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by John Howell and  Capt. Butch Rickey

Well, I had three trips on the books for this week, but I woke up Saturday morning with what may well have been the first case of swine flu in Florida. It really kicked my butt! I never had it diagnosed, as the flu is the flu is the flu. But, I've joked about having the "Porkulous Flu". I wound up spending most of the week in bed, which of course forced the cancellation and rescheduling of my trips. So, in lieu of my regular Fishing Report, I am presenting a story the I received just this morning from my old friend John Howell, who spends a lot of time in St. James City. There's a good lesson in his story, and it's entertaining.


Last Friday Jen and I went to the Ding Darling National Wildlife Refuge, on the Pine Island Sound side of Sanibel Island, to fish the creeks and try to escape the wind. It’s a wonderful place - healthy mangroves, beautiful water with good tidal flow, a plethora of birds, and a fair amount of fish. It was a gorgeous, warm spring day, with plenty of sunshine but winds predicted to be gusting well over 20 knots. When we got there and started fishing, we were happy that we had made the choice.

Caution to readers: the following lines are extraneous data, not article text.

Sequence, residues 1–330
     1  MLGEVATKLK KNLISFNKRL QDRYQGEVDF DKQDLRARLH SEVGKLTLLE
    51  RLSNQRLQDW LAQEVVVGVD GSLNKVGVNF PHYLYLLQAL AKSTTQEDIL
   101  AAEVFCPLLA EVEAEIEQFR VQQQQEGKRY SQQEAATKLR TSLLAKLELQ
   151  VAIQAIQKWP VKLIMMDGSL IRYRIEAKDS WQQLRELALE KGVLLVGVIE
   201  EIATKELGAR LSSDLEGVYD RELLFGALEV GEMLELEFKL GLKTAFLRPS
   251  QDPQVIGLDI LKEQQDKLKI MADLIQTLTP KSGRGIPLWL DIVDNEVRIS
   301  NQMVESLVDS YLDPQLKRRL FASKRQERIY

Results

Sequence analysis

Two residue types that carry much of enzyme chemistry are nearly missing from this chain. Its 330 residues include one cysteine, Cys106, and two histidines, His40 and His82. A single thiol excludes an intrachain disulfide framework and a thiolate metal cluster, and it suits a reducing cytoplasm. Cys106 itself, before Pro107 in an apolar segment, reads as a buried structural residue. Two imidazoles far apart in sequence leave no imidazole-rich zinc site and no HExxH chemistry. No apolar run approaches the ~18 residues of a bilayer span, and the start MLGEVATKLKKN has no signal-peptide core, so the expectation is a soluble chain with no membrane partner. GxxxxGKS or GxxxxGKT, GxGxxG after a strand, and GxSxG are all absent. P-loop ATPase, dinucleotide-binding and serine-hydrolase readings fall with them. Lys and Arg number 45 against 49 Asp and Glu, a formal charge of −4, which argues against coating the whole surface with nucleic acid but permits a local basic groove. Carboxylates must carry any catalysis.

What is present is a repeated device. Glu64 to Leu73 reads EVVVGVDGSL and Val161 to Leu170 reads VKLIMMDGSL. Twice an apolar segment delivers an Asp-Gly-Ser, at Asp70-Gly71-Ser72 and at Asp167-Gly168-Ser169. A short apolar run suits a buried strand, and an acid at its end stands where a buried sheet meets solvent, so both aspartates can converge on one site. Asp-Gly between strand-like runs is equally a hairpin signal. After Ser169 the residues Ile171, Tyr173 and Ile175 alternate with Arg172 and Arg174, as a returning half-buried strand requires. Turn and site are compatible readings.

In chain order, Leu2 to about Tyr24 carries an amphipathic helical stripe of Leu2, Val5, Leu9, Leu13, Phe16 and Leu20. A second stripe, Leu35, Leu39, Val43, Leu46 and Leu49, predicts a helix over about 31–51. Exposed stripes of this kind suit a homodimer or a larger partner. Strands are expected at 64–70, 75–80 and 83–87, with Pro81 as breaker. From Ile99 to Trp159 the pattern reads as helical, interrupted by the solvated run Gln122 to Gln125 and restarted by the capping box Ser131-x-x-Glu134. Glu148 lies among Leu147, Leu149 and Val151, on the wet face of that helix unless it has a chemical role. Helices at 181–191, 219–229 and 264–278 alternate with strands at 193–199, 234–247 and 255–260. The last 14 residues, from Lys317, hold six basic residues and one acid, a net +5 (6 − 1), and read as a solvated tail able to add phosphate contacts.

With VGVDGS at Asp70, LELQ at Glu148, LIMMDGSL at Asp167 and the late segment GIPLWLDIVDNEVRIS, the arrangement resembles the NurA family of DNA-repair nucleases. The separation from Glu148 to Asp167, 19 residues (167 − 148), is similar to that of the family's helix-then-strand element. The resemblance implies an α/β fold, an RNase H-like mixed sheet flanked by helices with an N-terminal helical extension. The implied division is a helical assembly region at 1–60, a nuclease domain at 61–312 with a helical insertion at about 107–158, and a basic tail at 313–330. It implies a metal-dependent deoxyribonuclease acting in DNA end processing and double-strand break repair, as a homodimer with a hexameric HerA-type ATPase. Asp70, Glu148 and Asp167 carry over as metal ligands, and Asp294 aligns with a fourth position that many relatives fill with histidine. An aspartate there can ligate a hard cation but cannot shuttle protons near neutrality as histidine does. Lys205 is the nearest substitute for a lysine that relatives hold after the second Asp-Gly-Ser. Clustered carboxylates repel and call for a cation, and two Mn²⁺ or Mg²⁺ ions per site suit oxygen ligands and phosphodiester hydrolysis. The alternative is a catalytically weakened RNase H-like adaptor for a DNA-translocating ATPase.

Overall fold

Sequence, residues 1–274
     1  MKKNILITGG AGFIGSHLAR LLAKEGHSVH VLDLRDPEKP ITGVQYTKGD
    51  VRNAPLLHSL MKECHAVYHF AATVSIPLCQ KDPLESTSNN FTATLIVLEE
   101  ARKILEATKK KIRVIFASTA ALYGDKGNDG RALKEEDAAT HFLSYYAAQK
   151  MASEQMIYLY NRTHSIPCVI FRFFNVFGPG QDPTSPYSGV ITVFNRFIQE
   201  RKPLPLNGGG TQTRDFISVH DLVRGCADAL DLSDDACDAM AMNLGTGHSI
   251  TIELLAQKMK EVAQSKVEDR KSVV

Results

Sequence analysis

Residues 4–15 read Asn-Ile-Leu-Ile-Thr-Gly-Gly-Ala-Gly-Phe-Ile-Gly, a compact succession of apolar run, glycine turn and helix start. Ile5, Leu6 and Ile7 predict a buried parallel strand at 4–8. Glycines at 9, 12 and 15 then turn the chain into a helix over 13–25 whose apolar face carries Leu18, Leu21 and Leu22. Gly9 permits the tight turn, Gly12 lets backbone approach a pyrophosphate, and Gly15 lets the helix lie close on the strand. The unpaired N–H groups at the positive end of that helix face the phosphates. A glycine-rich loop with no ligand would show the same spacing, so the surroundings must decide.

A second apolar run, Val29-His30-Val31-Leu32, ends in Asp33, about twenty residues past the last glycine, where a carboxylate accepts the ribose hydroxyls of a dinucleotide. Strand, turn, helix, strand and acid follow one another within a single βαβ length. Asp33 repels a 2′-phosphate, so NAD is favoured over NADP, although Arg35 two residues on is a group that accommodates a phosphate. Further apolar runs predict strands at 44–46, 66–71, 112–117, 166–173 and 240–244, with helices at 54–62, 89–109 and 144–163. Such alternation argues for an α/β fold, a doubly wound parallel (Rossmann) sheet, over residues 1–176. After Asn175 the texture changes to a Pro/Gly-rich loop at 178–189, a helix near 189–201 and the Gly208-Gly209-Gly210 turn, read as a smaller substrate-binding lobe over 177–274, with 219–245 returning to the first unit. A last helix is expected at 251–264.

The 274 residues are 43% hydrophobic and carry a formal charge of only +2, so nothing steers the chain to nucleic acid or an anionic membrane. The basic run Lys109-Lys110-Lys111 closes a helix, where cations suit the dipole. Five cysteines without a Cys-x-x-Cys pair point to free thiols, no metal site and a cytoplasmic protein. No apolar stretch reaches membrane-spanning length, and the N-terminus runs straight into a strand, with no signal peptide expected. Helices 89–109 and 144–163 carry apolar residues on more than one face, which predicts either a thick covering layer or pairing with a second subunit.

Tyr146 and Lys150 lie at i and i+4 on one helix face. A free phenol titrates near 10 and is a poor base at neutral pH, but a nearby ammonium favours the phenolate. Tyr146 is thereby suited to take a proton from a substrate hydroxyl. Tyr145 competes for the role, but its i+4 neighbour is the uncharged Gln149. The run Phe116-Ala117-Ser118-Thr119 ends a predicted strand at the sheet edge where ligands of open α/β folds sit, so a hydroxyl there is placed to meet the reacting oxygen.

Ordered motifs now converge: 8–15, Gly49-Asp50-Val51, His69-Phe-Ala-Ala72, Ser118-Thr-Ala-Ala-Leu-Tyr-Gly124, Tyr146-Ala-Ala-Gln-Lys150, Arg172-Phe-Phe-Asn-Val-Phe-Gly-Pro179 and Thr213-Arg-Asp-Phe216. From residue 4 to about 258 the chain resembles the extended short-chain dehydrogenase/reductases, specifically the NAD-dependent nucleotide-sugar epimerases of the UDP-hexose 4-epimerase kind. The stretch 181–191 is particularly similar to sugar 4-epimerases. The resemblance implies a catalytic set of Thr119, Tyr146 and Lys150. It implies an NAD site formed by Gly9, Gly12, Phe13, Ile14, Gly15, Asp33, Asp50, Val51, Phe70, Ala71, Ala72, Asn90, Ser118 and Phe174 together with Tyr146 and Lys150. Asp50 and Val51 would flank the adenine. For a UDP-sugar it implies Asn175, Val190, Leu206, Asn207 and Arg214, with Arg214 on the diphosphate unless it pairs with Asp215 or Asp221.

At first we were fishing some little bays near the mouth of a creek, getting plenty of bites and landing a trout from time to time. After trying several different types of lures I was fishing a Mirrodine, a fairly new lure that seems to catch all species of fish, trout, snook, reds, even tarpon. The lure was getting either bites or follows on almost every cast. In the water the Mirrodine looks a lot like a baitfish, especially when “jerked” erratically, and it has two treble hooks that are quite effective in catching fish. Of course, I routinely crimp down the barbs on my lures, and I had sharpened the hooks on this one before I began casting it. On about the sixth cast I got a good hit, and reeled in a nice trout.